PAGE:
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Raw Science TV sat down with Andrew Hessel at Exponential Medicine 2016. Andrew Hessel is a futurist and catalyst in biological technologies, helping industry, academics, and authorities better understand the changes happening in life science. He is a Distinguished Researcher with Autodesk in their Bio/Nano Research Group, based out of San Francisco. He is also the co-founder of the Pink Army Cooperative, the world’s first cooperative biotechnology company, which is aiming to make open source viral therapies for cancer.



How does AutoDesk support bionano research?

They are not reading or writing DNA. They provide the tools to design DNA code by taking genetic text editors to the next level. They have the most complex visual molecular tools available. At this stage, even visualizing complex molecules is an important step. If mathematical models of biological cells can be represented in a way that captures the underlying biology, it would bridge the gap between design/analysis and experimentation.

Making a virus without the touch of a human hand  

Autodesk famously created the first synthetic “life form” in 2014, a synthetic Phi-X174 bacteriophage. This can be done without the use of a human hand at any step.

What tools are used?

  1. Robotics Laboratories  Transcriptic is a robotic cloud laboratory with a fully automated cell and molecular biology laboratory, all from the comfort of a web browser. A biotechnology experiment can now be designed, executed, and analyzed from anywhere. View the workcell.
  2. Assay Depots  There are online marketplaces that “outsource everything but the genius” such as Scientist which simplifies the purchase of research services and may transform pharmaceutical research the way Uber transformed transportation.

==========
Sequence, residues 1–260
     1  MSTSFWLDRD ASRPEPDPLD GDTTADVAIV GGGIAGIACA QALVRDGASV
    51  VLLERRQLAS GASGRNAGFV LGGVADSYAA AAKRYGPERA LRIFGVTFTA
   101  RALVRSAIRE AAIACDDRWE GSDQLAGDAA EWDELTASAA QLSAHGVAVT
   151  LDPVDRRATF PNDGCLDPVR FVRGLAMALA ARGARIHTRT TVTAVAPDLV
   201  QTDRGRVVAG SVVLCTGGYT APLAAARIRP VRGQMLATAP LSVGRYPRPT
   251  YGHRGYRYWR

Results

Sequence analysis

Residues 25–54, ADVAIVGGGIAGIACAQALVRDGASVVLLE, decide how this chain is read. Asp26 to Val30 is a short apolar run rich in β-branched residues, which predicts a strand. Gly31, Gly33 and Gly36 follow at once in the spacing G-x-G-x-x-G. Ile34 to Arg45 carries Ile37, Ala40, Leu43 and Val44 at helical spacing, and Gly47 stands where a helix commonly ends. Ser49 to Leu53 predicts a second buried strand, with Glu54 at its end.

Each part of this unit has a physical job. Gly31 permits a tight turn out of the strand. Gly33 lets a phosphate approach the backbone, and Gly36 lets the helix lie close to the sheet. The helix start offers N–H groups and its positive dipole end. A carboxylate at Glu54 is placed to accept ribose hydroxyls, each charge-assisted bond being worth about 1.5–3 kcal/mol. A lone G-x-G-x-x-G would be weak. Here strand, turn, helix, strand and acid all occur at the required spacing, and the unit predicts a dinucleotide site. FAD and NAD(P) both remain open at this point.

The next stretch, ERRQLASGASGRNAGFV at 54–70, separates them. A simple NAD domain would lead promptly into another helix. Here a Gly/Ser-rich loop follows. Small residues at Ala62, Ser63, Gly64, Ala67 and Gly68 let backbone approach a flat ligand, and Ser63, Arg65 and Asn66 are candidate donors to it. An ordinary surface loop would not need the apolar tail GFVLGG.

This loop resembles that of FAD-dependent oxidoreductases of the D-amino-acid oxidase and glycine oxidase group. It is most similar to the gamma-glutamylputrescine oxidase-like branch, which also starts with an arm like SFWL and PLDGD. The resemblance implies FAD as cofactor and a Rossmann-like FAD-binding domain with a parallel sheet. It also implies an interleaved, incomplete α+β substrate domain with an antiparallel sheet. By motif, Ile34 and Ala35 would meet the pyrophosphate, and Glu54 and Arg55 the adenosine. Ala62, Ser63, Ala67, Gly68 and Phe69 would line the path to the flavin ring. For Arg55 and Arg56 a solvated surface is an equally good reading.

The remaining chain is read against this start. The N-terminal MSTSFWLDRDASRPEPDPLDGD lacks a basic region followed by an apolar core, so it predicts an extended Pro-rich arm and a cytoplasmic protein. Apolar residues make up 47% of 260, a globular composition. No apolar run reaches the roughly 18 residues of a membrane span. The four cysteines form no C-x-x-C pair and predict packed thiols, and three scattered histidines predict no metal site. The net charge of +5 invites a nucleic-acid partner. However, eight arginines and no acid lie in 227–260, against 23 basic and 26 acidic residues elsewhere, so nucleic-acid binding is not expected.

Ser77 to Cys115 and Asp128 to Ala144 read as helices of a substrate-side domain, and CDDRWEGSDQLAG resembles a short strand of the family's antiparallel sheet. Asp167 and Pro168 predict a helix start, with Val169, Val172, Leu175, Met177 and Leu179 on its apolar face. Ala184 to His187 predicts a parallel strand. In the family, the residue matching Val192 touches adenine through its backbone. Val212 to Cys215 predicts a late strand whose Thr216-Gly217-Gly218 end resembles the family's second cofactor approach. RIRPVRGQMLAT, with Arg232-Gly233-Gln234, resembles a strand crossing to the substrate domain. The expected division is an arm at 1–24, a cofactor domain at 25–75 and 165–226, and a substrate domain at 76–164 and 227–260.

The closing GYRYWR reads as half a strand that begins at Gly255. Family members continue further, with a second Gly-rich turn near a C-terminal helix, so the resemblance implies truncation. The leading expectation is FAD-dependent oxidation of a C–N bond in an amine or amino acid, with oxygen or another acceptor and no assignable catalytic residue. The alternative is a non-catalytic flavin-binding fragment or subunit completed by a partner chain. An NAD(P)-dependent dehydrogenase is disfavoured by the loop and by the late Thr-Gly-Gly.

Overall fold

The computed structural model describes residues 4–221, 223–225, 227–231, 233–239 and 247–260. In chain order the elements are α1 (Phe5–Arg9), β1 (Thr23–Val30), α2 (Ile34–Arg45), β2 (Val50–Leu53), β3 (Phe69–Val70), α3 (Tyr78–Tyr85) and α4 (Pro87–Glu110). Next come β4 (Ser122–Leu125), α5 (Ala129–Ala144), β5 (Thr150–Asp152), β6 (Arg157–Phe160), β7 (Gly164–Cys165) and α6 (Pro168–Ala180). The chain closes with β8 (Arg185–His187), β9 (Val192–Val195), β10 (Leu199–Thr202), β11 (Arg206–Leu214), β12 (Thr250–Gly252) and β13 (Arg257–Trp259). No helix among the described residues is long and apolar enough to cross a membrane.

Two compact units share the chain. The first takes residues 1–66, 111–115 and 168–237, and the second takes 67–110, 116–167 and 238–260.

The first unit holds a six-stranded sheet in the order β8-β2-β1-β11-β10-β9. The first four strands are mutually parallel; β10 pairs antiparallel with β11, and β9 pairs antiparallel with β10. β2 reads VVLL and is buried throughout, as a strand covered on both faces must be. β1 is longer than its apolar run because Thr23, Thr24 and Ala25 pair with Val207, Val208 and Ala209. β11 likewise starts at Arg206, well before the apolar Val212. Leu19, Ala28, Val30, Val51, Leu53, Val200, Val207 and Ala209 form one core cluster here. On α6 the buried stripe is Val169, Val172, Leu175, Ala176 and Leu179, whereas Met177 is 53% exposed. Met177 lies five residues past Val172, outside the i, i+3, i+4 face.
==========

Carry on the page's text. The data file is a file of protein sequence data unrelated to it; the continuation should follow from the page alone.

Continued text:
3. Molecular Viewers such as those used by Autodesk which is a web-based 3D tool optimized for viewing, exploring, and sharing of large-scale protein datasets from the RCSB Protein Data Bank directly in the web browser.
  4. Next Level Gene Editors such as the Genetic Constructor used by AutoDesk which is an extensible, open source, cloud CAD tool to drive biological design and complex DNA construction.




What’s next? 

  1. Free Sequencing  Sequencing a full human genome will be free… and it won’t be long. The cost of DNA sequencing does not follow Moore’s Law and is decreasing much faster per the NIH.
  2. BioManufacturing  The machinery of the genome will be harnessed to biodesign fuels, natural diagnostics, cellular agriculture, and many other applications. Cells are the new machine.
  3. Creativity  As the tools of biotechnology become cheaper and more powerful than ever before, a new generation of industry and people that are just more creative will emerge
  4. Education  Programs like iGEM Foundation out of MIT, which is dedicated to education and competition, advancement of synthetic biology and the development of open community and collaboration, will foster that growth.

Andrew is confident that we do not need to invent writing the human genome but we need to properly harness it. How do we tell it what to do? There is a cultural discomfort with synthetic biology that will fade as its power is understood. Personalized medicine based on an individual’s genome will not just revolutionize medicine but also regulatory pathways. What is his hope? To leverage the capability of making a synthetic virus to fight cancer.

Not only can we count on Hessel to make good on this possibility – but also to keep science media honest in the process.

A Scientist Ripped My Screenplay a New Asshole Thanks to Hollywood’s Science Hotline 

– Keri Kukral, @kerikukral




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